The management team at Fountain is far from a bunch of MBA bean-counters, a term that Walker, who’s been building boats for more than 30 years, finds particularly offensive. On the Donzi side, the team includes marine industry veteran Craig Barrie, once the president of Cigarette. And, of course, there are Fountain’s employees—most of whom have been with the company for more than 15 years—and seasoned employees of Donzi and Pro-Line who opted to relocate from Sarasota, Fla., to their current digs in Washington.
“I came from the boat building world—I am much more comfortable on a production floor than in an office—but now I am a boatbuilder who happens to be the president of four boat companies,” said Walker. “I have a company to run, people to take care of in that company and customers who want boats. We intend to deliver on all of that.”
Positioning the brands is going to be tricky. Liberty recently announced the re-launch of the Baja sport boat line in the 20- to 26-foot single-engine class. http://features.boats.com/boat-content/2011/01/betting-on-baja/ That presents a complimentary—call it entry-level if you like—line to both Donzi and Fountain . But Donzi and Fountain have several sport boat and center-console models that compete directly with one another.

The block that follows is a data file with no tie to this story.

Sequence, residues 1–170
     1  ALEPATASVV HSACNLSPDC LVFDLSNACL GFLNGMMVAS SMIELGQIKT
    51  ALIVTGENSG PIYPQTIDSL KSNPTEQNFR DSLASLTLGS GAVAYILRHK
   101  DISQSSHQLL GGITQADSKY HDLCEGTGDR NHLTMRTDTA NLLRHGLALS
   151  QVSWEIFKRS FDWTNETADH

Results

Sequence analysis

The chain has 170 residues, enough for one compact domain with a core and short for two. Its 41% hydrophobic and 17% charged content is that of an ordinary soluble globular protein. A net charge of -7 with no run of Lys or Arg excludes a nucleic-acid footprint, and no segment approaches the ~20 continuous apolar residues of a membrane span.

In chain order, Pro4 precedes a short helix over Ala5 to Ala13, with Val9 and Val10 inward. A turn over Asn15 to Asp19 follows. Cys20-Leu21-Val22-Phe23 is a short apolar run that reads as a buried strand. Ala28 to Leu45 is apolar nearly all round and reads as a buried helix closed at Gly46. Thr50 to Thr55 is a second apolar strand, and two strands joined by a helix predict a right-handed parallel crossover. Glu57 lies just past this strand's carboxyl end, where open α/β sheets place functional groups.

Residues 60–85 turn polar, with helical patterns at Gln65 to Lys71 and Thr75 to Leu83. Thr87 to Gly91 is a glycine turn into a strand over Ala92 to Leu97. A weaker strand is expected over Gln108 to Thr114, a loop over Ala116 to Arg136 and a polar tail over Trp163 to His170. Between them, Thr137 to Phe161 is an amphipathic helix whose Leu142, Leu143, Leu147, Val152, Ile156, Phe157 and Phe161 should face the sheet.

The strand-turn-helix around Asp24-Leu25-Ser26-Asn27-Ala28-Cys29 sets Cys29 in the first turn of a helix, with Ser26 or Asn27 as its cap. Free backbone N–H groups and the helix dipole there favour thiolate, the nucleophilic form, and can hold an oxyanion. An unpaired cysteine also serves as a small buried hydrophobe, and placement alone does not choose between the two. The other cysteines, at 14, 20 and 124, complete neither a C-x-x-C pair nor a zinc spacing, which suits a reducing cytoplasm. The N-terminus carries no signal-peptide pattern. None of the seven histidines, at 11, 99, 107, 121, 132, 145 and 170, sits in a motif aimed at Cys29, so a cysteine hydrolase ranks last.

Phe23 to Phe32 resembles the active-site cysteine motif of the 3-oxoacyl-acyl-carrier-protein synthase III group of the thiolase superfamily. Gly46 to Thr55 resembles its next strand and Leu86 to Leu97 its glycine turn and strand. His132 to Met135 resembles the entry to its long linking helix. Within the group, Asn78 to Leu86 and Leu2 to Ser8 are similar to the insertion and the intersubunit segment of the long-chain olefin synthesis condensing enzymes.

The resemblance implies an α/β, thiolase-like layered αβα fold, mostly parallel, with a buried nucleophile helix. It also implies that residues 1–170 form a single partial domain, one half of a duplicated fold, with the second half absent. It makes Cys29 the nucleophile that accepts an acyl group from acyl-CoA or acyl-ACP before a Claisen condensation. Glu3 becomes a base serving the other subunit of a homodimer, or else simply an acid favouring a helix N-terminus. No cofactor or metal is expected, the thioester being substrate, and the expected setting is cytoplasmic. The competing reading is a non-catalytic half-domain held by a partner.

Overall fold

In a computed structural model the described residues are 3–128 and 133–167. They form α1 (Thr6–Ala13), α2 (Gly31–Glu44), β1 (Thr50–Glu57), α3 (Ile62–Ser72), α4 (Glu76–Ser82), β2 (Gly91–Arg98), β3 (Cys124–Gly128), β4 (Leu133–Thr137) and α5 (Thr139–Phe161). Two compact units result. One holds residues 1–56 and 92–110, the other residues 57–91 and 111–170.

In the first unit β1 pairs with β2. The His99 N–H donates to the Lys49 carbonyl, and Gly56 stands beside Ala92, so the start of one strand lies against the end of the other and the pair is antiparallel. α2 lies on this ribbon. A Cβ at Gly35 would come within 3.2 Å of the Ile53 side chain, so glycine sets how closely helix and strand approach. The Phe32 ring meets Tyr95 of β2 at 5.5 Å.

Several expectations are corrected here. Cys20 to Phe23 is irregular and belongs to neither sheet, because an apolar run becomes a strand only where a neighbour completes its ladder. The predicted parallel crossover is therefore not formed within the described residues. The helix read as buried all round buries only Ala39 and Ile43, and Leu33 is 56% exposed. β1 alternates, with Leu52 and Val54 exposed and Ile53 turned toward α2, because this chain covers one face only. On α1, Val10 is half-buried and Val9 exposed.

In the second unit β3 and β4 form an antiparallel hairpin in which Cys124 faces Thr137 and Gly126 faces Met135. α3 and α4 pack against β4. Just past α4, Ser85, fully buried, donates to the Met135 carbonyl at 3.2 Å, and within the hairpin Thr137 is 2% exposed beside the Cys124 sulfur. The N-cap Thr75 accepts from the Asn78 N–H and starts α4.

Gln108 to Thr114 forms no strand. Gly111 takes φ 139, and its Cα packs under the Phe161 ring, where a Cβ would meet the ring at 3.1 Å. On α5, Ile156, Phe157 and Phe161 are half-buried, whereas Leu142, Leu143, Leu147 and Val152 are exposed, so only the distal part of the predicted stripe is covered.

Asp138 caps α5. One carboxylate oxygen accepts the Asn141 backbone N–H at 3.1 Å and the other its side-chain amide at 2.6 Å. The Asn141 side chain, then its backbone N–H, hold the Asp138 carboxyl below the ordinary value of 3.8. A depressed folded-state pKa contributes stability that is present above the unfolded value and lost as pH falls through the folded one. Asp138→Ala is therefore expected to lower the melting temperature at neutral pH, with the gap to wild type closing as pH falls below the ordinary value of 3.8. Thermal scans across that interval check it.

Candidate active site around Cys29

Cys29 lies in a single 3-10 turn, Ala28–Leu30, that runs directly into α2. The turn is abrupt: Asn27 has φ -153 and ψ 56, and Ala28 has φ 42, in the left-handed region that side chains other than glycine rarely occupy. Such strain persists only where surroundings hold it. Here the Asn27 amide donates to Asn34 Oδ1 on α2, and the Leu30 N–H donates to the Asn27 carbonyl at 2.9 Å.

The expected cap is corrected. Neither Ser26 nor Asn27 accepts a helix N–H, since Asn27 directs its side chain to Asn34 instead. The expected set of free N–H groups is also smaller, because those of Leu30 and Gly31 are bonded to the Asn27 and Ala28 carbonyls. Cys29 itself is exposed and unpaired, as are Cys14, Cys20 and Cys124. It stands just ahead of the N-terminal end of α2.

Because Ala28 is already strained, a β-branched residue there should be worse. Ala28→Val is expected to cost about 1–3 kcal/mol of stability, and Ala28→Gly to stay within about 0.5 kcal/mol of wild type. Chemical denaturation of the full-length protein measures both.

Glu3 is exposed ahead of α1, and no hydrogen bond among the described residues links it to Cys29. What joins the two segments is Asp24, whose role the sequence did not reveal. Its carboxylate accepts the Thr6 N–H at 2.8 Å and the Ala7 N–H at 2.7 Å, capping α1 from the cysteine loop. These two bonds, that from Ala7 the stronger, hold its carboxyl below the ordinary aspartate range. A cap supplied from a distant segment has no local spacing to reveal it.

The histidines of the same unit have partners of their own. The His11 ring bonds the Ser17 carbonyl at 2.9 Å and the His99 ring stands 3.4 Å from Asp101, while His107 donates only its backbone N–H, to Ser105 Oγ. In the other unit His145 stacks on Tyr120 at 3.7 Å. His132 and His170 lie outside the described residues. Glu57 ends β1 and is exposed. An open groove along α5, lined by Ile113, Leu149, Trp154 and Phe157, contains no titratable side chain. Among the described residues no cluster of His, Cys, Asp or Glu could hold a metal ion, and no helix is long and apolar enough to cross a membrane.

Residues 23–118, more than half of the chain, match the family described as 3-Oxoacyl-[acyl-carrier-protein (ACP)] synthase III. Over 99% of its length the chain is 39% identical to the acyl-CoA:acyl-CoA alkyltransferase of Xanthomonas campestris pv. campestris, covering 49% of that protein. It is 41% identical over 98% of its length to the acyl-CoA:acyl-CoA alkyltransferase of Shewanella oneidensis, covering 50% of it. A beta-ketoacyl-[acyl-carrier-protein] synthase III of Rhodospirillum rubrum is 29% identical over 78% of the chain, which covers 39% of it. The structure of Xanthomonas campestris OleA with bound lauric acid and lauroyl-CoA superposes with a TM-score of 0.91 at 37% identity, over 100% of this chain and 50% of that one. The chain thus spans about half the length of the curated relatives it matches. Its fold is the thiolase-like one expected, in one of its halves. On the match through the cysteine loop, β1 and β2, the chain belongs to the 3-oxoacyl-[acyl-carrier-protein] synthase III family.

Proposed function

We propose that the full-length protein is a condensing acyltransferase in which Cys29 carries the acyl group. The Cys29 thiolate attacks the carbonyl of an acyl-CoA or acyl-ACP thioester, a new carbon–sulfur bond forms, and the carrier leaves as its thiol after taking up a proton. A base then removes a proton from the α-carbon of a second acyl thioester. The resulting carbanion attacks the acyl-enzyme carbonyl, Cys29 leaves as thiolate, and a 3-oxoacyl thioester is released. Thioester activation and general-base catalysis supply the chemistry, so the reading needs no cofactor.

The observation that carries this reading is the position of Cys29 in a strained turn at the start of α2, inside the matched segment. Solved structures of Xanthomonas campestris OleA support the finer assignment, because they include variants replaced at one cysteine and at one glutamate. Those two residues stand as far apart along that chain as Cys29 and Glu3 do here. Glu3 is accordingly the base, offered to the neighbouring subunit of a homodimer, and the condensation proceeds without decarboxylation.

“We view it very much as something like Ford and Chevrolet—there’s a marketplace for both and fierce competition and loyalty for both,” said Walker. “The Fountains are faster, but if you talk to the Donzi guys they’ll say the ride is smoother. The Fountain people will tell you the same thing about Fountain products. I’m in the position now not to tell either one of them that they’re wrong. Whatever way the customer wants to go, we’ll go. We have not really defined it as Fountain is ‘A’ and Donzi is ‘B’ and Pro-Line ‘C.’